Model Theology: An Introduction to Post-Modern Explanation

by Robert C. Brow

Chapter 3

Creeds and Confessions

When people try to explain their vision of life they inevitably develop an explanatory model. The model can be articulated by telling stories, but eventually the salient ideas will be set out in a written explanation. The model might be expressed in a political agenda, and could even change the constitution of a nation as in the French revolution.

When Marxism was first preached stories were told of class oppression and the surplus value being robbed from the workers by capitalists. Marxism was then outlined in a few simple points or election manifesto. One can also read a fuller exposition of the model in Das Kapital and many later books of Marxist doctrine. Eventually Russia and other countries tried out the model as a way of governing their economic structure and social life.

The Gospels can be viewed as a collection of the stories and teachings which circulated among the earliest Christian churches. They are obviously not the kind of stories Marxists or Existentialists or Monists tell. The reason is that Jesus told parables and gave explanations that belong to a Theistic type of model. God is the Creator of our world. Jesus is the Son of God who came into his creation. The Holy Spirit continues his work in the Church. Those are the basic components of the Christian Theistic model which is summed up in the The Apostles' Creed.

By the third century the Theistic model outlined in the Apostles' Creed was clarified in two directions which we might label Unitarian Theism and Trinitarian Theism. The difference between these focusses on two models of how the oneness of God is explained. A Unitarian model views God as an undifferentiated unit as in Islam and modern Unitarianism. In Trinitarian Theism there is a complexity within the oneness of God. God is pictured as three Persons held together in an eternal oneness of love. It was that vision of God which was set out in 325 AD as the Nicene Creed. The purpose was to clarify how Trinitarian Theism differed from the Theism of a preacher like Arius who believed in God as Creator but denied that the Son of God was fully part of the eternal oneness of God. The Trinitarian Theism of the Nicene Creed is therefore a subset of the Christian Theism of the Apostles Creed.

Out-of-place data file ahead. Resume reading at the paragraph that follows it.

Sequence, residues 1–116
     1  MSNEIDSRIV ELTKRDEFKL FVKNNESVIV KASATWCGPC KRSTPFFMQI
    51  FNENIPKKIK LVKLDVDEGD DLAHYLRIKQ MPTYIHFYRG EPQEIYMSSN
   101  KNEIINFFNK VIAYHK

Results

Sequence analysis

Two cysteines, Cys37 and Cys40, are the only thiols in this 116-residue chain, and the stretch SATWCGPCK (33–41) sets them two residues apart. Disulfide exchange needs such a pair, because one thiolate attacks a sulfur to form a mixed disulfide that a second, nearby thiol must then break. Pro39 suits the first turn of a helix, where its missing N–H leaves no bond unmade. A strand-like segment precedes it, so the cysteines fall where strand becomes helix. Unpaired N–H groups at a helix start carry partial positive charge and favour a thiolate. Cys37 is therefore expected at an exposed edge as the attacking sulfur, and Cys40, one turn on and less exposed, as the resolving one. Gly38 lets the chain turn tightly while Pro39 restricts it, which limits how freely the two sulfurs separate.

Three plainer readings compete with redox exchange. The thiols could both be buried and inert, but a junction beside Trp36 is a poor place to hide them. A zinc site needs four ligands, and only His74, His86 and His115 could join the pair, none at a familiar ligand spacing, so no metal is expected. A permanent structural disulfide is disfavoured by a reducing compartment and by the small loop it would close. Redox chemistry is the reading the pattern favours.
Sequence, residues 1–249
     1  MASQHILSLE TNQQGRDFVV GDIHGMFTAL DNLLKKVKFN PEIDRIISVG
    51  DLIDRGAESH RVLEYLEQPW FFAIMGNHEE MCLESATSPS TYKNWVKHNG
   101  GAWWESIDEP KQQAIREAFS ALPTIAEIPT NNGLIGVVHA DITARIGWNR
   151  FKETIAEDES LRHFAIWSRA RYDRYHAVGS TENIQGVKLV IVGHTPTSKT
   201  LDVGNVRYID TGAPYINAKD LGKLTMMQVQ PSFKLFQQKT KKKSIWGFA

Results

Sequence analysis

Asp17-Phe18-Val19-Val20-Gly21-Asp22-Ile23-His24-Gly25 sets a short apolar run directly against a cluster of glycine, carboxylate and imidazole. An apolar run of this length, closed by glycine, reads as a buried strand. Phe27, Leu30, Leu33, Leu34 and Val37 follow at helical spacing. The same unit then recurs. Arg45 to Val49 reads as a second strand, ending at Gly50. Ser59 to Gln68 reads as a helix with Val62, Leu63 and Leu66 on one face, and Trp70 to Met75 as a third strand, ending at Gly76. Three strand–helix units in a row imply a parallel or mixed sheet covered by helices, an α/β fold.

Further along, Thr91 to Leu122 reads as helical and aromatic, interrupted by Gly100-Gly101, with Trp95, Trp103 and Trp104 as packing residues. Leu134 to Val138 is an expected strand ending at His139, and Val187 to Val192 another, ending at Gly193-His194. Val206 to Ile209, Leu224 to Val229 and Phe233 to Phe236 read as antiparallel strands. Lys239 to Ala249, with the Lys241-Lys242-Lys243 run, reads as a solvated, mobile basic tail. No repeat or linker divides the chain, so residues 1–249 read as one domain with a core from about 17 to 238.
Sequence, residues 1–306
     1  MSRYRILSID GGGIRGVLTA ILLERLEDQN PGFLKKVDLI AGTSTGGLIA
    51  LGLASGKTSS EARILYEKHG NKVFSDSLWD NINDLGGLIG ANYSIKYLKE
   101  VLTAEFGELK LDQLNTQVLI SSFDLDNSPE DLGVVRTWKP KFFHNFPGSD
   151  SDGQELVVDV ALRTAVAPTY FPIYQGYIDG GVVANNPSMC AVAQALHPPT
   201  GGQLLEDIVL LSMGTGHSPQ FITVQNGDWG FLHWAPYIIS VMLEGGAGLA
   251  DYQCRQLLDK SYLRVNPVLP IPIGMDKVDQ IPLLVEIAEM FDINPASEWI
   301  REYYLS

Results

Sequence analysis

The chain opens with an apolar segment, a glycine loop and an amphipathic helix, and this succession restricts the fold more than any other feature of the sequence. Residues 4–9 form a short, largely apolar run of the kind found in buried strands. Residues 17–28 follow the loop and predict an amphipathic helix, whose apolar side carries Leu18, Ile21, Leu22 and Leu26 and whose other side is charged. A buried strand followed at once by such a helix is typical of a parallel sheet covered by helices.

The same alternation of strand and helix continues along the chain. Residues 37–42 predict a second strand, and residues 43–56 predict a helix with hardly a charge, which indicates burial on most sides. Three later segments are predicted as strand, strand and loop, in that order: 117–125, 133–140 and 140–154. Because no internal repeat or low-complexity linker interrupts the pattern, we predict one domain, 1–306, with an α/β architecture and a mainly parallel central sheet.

Most Christians believe there is a family connection between the Theistic model of the Gospel stories, the Theistic model of Paul's explanations, the Theistic model set out in the Apostles Creed, and the Trininitarian Theism of the Nicene Creed. And we can observe that the explanations of a huge majority of preachers of all Christian denominations throughout the world are Theistic in the sense of the Apostles' Creed, and they are Trinitarian Theistic in the sense of the Nicene Creed. Because the models are different Evangelical Christians are uneasy with explanations of God's dealings with us given by Arian, Islamic, or Unitarian preachers who might use some of the the Gospel stories to make certain points, but by definition they do not set the Gospel stories in a Trinitarian model.